Brexit Terror Plot: PSNI believe CIRA planted bomb designed to explode at same time UK left EU on Brexit Day

The PSNI has confirmed an explosive device attached to a lorry was designed to explode on a ferry at around the same time the United Kingdom left the European Union on January 31, 2020.

Thursday, 6th February 2020, 4:13 pm
PSNI Assistant Chief Constable, George Clarke, pictured during Thursday afternoon's press conference. (Photo: Presseye)

Assistant Chief Constable George Clarke gave a press conference in Belfast on Thursday afternoon during which he also confirmed the device was "viable".

"On Monday, a call was received by a media outlet and that call contained substantially more detail [than the first call received on Friday January 31]

"That call gave us the detail of a commercial haulage company and it indicated that a device had been left on a vehicle or on a trailer connected to that company.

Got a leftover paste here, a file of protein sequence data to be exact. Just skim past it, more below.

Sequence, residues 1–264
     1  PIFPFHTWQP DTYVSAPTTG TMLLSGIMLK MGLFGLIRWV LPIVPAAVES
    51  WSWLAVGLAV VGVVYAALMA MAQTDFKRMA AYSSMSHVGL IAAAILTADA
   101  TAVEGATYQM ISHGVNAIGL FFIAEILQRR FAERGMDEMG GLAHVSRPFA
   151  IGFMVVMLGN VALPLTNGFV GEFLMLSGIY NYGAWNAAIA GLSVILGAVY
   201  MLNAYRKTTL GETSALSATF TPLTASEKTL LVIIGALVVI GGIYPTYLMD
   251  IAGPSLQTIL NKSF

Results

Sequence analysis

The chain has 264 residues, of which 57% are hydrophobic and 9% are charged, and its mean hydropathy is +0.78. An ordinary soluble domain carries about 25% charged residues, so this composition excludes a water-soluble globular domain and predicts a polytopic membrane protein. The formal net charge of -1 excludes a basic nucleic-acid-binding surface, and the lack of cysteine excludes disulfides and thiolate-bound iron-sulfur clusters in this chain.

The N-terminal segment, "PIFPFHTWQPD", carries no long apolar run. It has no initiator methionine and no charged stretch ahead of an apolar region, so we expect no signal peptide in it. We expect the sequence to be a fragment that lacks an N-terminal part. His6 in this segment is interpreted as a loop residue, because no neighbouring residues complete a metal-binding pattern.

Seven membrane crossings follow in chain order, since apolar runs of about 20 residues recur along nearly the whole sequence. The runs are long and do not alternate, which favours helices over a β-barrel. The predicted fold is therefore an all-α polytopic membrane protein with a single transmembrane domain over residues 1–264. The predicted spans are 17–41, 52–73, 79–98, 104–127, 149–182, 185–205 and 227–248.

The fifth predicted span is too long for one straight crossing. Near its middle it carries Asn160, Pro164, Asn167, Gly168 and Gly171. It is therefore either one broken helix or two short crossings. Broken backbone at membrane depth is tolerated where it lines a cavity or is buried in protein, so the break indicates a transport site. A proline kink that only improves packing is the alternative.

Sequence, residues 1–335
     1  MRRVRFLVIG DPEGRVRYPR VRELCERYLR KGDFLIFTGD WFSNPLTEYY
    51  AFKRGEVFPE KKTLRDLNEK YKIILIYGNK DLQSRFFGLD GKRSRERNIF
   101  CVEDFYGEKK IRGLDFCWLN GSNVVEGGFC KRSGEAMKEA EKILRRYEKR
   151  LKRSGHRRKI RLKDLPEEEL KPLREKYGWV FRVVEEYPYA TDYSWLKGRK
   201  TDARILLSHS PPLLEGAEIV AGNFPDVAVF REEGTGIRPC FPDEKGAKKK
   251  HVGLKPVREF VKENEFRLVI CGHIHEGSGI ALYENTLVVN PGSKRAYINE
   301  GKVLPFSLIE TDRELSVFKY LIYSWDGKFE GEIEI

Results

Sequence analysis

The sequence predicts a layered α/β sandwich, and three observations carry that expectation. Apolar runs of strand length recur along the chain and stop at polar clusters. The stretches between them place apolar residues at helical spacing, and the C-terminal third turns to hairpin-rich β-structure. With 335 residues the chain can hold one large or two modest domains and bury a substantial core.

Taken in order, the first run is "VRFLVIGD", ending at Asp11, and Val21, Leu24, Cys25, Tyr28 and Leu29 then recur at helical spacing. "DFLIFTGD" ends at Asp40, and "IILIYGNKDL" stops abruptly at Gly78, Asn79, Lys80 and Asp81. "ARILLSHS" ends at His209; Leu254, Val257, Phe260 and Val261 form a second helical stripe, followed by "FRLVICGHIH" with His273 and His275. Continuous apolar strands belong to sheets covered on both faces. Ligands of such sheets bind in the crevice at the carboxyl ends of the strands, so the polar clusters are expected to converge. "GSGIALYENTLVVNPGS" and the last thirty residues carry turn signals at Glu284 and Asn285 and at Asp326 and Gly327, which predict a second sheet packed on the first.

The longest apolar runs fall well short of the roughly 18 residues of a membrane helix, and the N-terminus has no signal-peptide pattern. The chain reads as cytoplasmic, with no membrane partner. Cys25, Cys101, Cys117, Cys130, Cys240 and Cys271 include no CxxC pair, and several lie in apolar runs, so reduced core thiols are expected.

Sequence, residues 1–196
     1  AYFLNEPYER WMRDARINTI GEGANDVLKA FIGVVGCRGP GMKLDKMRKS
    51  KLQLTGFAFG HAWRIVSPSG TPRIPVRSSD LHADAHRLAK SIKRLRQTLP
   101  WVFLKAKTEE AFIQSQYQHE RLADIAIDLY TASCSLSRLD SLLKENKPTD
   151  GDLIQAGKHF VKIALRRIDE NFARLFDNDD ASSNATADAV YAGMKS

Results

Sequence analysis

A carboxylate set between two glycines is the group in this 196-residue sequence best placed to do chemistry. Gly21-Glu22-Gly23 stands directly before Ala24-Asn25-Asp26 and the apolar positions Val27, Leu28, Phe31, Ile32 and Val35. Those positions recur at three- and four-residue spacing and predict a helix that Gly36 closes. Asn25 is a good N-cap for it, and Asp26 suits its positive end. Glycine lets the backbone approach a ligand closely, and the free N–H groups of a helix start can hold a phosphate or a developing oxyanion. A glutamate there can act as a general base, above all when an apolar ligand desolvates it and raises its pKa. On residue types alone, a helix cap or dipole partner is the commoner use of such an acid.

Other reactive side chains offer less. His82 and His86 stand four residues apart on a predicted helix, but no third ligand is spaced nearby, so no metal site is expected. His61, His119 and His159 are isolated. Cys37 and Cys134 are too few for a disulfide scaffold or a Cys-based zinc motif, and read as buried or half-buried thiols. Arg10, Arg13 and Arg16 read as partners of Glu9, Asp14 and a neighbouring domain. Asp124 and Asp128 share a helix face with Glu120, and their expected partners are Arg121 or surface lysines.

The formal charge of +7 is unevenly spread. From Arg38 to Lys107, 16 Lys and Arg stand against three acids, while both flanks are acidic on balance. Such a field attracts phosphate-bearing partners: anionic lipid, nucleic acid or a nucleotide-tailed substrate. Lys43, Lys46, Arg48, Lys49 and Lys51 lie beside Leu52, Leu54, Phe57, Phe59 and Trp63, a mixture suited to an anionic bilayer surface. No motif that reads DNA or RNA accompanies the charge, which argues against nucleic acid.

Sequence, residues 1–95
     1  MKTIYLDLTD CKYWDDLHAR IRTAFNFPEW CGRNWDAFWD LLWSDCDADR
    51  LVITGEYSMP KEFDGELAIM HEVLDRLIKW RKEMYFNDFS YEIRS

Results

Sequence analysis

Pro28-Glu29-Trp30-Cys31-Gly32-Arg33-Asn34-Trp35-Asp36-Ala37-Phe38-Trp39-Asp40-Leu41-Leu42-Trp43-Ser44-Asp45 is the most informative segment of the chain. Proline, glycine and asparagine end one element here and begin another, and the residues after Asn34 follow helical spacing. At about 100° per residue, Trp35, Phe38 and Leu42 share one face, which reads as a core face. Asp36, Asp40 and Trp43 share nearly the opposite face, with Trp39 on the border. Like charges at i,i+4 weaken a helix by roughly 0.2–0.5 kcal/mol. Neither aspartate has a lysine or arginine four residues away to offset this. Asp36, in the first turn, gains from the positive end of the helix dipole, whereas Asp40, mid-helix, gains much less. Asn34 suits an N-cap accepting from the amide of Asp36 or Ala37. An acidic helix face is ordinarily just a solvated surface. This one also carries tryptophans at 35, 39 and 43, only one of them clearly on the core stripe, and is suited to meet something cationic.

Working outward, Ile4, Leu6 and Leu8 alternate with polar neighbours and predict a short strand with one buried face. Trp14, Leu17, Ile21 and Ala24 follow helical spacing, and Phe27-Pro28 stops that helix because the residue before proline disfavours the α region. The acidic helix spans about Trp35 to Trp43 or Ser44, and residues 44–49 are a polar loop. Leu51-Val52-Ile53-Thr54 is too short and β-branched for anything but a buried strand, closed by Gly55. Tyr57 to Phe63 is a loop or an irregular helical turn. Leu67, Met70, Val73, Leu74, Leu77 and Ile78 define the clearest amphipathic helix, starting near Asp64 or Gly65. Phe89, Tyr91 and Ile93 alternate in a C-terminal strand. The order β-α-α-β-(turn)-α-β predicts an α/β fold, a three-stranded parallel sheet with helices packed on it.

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A PSNI officer pictured at the location where the explosive device was discovered attached to a lorry. (Photo: Pacemaker)

"And the intention had been for that device to explode at or around the time the United Kingdom left the EU," confirmed Assistant Chief Constable Clarke.

An explosive device was discovered by the PSNI attached to a vehicle at a business premises in Lurgan, Co. Armagh.

The PSNI also confirmed the vehicle did not leave the premises in Lurgan.

"These bombs are made by terrorists and at a standard which cannot guarantee any form whatsoever safety.

PSNI officers search for evidence close to where the explosive device was discovered. (Photo: Pacemaker)

"Had this vehicle and device left the yard it was exposing people on public roads at busy times and in busy places to huge levels of risk.

"These people are absolutely callous and reckless in what they have done.

"We believe the terrorists responsible are CIRA (Continuity Irish Republican Army)."